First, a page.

But is the Catholic Church in dialogue with its younger members?
At the recent Catholic World Youth Day in Sydney, Australia, Pope Benedict XVI spoke to the gathering of 250,000 youths about the negative effects of a culture driven by consumption, referencing everything from financial squandering to the media’s exposure of sex and violence. While Beaudoin was impressed by the message, he was more encouraged by the Pope’s examination of the church’s own sex scandal, calling the Pope’s candidness particularly inspiring.
“For me, the critique of [youth]culture has more force if the Pope, and all of us who share the Catholic tradition, are willing to be self-critical about what is going on in our own house,” Beaudoin said. “Because the Roman Catholic Church has become a tradition that has trouble telling the truth about itself.”
The time is ripe, he suggests, for the Catholic Church to engage in a more forward-thinking approach in its relationship with young people, while easing up on its traditional “club or clan mentality.”
Beaudoin’s latest book, Witness to Dispossession: The Vocation of a Postmodern Theologian (Orbis, 2008), speaks to the church’s need for self-examination, and a “letting go” of some rigidly drawn boundaries around Catholic identity to make room for the generational shift and new cultural questions for faith.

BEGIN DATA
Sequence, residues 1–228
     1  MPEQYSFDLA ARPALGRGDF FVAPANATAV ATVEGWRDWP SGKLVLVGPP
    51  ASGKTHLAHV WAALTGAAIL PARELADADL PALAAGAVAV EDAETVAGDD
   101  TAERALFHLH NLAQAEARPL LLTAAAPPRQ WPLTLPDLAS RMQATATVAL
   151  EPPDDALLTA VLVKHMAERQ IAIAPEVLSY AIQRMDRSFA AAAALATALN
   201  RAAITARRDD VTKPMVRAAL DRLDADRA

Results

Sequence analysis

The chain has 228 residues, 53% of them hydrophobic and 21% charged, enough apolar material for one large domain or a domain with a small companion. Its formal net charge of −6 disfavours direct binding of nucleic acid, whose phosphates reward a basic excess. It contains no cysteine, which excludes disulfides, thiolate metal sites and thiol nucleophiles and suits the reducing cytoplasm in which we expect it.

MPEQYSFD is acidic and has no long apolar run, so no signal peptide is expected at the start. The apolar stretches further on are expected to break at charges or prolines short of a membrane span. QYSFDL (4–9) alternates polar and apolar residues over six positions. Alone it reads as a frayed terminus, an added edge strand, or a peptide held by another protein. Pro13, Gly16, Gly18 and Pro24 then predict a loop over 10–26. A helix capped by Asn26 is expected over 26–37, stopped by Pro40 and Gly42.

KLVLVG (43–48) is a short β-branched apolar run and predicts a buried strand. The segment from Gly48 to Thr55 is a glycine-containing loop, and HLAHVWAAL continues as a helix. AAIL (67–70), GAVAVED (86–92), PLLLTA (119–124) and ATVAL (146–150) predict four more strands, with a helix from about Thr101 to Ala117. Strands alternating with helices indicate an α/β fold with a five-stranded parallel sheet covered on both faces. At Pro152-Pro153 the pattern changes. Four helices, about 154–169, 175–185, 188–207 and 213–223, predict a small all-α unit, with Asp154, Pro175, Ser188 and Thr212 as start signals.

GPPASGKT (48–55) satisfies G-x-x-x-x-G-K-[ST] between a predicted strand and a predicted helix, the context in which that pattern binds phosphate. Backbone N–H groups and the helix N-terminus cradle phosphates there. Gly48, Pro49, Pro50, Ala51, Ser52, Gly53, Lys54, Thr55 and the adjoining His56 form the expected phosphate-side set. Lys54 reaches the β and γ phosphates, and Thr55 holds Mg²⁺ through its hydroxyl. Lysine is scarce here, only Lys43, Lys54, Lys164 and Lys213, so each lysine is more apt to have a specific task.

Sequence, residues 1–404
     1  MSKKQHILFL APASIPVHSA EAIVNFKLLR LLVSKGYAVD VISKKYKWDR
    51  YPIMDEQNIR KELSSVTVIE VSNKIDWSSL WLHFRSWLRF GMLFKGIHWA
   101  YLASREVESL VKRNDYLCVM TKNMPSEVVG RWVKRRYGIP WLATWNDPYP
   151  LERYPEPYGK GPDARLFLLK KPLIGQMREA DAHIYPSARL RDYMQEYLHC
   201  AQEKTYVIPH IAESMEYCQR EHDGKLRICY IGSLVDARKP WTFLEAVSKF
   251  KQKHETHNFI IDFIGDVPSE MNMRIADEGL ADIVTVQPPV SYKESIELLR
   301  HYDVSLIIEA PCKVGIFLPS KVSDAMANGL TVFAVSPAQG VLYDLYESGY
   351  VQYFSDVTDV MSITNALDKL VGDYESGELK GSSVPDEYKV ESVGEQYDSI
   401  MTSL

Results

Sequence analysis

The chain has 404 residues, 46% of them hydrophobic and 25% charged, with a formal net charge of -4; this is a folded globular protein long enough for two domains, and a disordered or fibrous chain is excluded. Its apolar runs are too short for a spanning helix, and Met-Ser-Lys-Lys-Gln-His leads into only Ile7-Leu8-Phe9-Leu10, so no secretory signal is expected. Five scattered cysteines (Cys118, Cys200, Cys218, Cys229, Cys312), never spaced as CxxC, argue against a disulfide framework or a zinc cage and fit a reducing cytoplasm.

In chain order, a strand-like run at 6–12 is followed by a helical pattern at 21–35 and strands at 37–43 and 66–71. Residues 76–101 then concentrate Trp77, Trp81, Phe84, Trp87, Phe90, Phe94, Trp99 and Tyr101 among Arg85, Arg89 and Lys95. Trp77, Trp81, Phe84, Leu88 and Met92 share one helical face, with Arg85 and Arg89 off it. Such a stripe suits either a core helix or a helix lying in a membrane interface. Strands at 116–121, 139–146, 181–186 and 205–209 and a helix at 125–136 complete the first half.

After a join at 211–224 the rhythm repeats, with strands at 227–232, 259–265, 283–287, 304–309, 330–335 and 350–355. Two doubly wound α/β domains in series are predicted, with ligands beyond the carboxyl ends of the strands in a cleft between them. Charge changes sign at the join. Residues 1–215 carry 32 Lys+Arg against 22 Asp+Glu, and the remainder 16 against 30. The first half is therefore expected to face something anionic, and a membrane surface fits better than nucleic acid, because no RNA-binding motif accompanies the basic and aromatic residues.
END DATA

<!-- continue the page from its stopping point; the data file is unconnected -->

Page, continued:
Drawing on postmodern philosophy to inspire a new way of practicing Christianity and Catholicism, Beaudoin’s book addresses the role of younger theologians in bringing the church into the 21st century.
“The question of power probably needs to be foregrounded theologically today as much as ever,” Beaudoin continued. “Christians can learn to see their practice of faith as acts of dispossession if they begin to acknowledge how power has functioned in Christianity, Catholicism and through their own lives.”
One outcome might be to rediscover Catholicism as “something that is historical and shifting in its orientation, that is not a guaranteed sale from one cohort to the next.”
Having come to Fordham from Santa Clara University, it is no surprise that Beaudoin is at home with the Jesuits.
“My whole theology is oriented to the question of spiritual exercises, whether ‘secular’ or ‘sacred,’ in contemporary culture,” he said. “Spiritual exercises, of course, are not just imaginations that take place in the mind, but are ways of being with your body differently.”
Music is one such exercise. Beaudoin views his playing bass guitar in rock bands as a spiritual practice. He and Brian Robinette, Ph.D., a drummer and assistant professor of theology at St. Louis University, are working on a project for theologians who are also rock musicians, nurturing the spirit through academic theology and secular music.
Extracting spiritual nourishment from a music scene rife with anti-religious types, Beaudoin said, becomes possible by embracing “what is beautiful about strangeness.”
It may be serendipitous, therefore, that the native of Kansas City has landed in one of the strangest cities on the planet.
“New York City is a tremendous gulp of reality,” Beaudoin said. “I feel a deep geographic consolation here, and hope my work at Fordham will be nourished by, and respond to, what the city gives.”
Staff Intern Brendan Gibbons contributed to this story.
– Janet Sassi